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HERMAN M. REA. There is no such word as luck in the lexicon of business men, for experience has taught them most convincingly that success is the result of persistent application of intelligent methods that demand time for their development. To executive ability and organizing sense must be added public confidence and a thorough knowledge of the field to be occupied, which latter can only be gained by gradual and steady approaches. Sudden acquisition of wealth is a rare occurrence, and often followed by speedy and irremediable collapse. In any event, none of the citizens of Christopher would intimate that Herman M. Rea owes his distinction to any adventitious aid. His present enviable position is due to manly energy, sterling honesty, inflexible sense of justice, tireless energy and intimate acquaintance with business methods. He is a native of FranklinCounty, Illinois, and was born five miles north of Christopher, September 25, 1877, a son of Frank G. and Bretana Elizabeth (Buckner) Rea.

The grandparents of Mr. Rea, Abner and Mary (Overturf) Rea, natives of Tennessee, came to Illinois in early life, took up land from the Government, and here spent the remainder of their lives. Mr. Rea became one of the wealthiest agriculturists in Franklin County, and before his death presented each of his children with a farm, in addition to a sum of money. Frank G. Rca, who for many years was engaged in farming in Franklin County, and was also a successful merchant of Christopher for fifteen years, is now living retired in this city. He has had a prosperous career and the honorable lines along which he conducted his business have served as an example for his son, who has inherited many of his admirable traits.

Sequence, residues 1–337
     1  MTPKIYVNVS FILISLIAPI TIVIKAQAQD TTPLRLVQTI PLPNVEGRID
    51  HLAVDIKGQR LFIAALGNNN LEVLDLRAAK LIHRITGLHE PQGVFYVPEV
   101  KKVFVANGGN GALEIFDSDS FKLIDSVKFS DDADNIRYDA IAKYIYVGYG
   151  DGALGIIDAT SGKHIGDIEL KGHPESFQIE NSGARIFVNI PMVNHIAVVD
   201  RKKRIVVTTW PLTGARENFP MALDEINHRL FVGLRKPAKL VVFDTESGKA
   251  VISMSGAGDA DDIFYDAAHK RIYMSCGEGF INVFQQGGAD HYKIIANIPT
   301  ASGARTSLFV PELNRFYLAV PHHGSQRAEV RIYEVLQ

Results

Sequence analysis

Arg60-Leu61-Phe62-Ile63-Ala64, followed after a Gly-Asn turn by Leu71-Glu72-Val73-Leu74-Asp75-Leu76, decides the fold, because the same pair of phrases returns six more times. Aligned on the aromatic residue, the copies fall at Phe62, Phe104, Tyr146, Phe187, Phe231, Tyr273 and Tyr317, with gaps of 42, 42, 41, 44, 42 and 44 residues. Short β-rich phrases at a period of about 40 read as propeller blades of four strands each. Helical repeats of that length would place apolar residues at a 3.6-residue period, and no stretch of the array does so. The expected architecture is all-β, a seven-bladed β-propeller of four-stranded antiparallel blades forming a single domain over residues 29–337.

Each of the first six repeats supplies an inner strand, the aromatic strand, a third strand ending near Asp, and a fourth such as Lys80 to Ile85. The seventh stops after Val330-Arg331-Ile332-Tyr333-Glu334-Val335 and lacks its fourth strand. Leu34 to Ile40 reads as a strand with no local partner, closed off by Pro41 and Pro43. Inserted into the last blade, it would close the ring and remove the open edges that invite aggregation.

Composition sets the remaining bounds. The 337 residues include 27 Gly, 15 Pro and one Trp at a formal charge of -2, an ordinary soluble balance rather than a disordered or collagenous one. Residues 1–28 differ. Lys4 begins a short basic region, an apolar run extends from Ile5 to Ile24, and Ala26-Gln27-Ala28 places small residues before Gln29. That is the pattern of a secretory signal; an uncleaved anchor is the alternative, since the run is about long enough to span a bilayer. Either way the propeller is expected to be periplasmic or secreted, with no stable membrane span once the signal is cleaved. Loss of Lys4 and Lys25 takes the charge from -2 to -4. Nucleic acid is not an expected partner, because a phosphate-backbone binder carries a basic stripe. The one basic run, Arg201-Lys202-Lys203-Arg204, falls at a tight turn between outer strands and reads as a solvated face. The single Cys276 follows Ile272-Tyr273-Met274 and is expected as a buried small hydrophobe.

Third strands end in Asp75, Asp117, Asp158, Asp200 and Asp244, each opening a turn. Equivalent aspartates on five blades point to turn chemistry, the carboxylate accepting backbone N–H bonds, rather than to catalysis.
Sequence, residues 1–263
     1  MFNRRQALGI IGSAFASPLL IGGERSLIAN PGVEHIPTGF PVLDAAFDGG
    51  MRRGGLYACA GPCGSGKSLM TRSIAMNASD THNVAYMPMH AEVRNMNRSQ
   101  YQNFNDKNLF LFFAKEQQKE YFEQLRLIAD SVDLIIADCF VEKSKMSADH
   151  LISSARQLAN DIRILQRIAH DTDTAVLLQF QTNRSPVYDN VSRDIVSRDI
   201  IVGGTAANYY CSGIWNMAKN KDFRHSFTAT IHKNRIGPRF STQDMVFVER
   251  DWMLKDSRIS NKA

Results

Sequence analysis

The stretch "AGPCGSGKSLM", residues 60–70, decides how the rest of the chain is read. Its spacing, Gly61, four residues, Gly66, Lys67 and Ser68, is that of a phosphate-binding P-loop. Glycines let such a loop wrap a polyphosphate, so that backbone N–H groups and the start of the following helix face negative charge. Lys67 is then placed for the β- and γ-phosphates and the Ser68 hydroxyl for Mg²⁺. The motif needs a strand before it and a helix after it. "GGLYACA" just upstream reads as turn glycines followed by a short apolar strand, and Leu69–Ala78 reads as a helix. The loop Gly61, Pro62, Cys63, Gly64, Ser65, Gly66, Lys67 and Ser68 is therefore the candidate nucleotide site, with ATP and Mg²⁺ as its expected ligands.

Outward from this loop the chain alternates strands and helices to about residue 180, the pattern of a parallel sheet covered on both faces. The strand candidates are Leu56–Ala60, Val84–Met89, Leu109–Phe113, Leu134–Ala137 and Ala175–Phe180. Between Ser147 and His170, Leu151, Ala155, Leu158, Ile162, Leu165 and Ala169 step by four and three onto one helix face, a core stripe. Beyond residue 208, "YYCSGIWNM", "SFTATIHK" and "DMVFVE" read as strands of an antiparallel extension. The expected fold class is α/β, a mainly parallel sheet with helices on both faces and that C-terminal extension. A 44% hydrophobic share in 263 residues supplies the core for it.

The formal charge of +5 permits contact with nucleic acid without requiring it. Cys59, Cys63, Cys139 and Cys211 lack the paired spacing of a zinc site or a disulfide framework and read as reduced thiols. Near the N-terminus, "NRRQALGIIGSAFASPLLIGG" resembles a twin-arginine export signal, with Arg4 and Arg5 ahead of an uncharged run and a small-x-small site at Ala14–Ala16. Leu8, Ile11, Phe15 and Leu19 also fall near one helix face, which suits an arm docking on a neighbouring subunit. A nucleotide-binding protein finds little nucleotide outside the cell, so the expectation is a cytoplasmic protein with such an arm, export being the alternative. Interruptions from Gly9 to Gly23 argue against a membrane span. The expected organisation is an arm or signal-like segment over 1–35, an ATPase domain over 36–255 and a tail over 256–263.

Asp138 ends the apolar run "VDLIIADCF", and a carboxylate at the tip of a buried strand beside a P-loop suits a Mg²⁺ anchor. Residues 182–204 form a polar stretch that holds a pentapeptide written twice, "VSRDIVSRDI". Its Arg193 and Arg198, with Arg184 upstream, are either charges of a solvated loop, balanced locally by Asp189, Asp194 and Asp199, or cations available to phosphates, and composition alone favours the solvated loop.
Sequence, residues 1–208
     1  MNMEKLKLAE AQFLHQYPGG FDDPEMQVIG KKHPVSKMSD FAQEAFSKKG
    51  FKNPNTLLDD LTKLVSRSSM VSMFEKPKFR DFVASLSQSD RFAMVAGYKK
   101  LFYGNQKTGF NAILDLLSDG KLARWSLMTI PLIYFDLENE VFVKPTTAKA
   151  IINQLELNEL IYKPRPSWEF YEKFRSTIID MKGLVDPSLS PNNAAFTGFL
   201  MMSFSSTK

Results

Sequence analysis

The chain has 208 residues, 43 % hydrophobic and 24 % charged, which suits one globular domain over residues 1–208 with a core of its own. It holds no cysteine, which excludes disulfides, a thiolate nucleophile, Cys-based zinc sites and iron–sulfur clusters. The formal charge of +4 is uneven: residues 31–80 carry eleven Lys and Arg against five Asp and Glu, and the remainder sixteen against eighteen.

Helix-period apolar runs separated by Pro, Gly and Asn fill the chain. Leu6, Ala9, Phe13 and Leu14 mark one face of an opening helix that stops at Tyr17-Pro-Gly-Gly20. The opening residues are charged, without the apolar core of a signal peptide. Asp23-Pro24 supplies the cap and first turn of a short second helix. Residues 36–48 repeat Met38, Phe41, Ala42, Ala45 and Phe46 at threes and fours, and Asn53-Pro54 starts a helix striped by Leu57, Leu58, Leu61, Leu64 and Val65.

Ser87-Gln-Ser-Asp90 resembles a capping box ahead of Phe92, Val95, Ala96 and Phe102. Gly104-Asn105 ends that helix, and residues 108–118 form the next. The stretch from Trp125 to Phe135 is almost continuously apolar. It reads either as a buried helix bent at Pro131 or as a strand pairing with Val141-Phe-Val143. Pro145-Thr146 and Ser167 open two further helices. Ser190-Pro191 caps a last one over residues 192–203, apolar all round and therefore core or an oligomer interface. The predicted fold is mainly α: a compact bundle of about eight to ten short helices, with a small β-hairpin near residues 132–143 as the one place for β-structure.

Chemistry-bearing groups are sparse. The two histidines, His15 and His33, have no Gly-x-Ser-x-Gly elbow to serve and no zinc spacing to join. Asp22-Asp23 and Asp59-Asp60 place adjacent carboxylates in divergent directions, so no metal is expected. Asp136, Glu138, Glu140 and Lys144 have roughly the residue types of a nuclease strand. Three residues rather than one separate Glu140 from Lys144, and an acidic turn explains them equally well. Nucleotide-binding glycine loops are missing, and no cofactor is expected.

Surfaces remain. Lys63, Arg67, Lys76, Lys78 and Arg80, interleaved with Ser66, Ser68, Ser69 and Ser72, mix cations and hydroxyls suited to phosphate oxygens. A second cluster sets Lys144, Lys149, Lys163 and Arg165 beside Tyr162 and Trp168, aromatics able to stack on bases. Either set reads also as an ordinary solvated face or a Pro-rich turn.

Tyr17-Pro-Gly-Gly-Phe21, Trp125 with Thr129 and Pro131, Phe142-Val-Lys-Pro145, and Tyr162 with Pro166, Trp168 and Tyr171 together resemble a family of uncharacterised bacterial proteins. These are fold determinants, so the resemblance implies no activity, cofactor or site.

Herman M. Rea received his educational training in the common schools of Christopher, and as a youth worked in his fatherís store. He then entered the postoffice at Zeigler, where he acted as clerk for six months, and his first experience in the real estate field came as an employe of Horn & Dimond, with whom he continued five years. Since that time Mr. Rea has been in business with Jesse Dimond & Company, a firm that does a tremendous business in real estate, buying land all over the state, and in addition trades for stores and mines. Mr. Rea is president of the Christopher Electric Company and of the Horn-Dimond Coal Company, secretary of the Benton District Coal Company and the West Frankfort Coal Company, vice-president of the First National Bank of Christopher and a director of the First National Bank of West Frankfort. Although immersed in business, with so many large interests claiming his attention and demanding

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much of his time, Mr. Rea yet finds leisure to devote to those domestic and social relations in which he finds his chief enjoyment. He is a prominent member of the Masonic fraternity and of the Modern Woodmen of America. A Republican in politics, the high esteem in which he was held by his fellow townsmen resulted in his election as collector of Tyron township, although at that time the district was strongly Democratic. He has given the greater part of his time to his business interests, however, and has never sought public preferment.

In 1894 Mr. Rea was married to Miss Ida Clark, daughter of Scott Clark, an early settler and prominent agriculturist of Mulkeytown, who also for some years was the proprietor of amusement enterprises during season, and who died about 1903. Mr. and Mrs. Rea have six children: Leo, Clyne and Thelma, all of whom are attending school; and Helen, Mildred and Mary, at home.

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